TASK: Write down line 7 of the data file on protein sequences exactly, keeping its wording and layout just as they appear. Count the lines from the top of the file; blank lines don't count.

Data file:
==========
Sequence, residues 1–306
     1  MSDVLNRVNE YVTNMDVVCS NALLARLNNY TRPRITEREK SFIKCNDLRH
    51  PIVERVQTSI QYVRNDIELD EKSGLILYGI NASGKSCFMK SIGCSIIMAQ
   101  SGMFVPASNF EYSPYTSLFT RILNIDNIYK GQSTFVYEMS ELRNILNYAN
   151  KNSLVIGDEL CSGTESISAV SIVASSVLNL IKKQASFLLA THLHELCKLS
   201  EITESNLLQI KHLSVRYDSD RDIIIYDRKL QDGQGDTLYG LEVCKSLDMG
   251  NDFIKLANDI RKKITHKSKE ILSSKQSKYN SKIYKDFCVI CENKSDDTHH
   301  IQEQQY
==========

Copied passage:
   251  NDFIKLANDI RKKITHKSKE ILSSKQSKYN SKIYKDFCVI CENKSDDTHH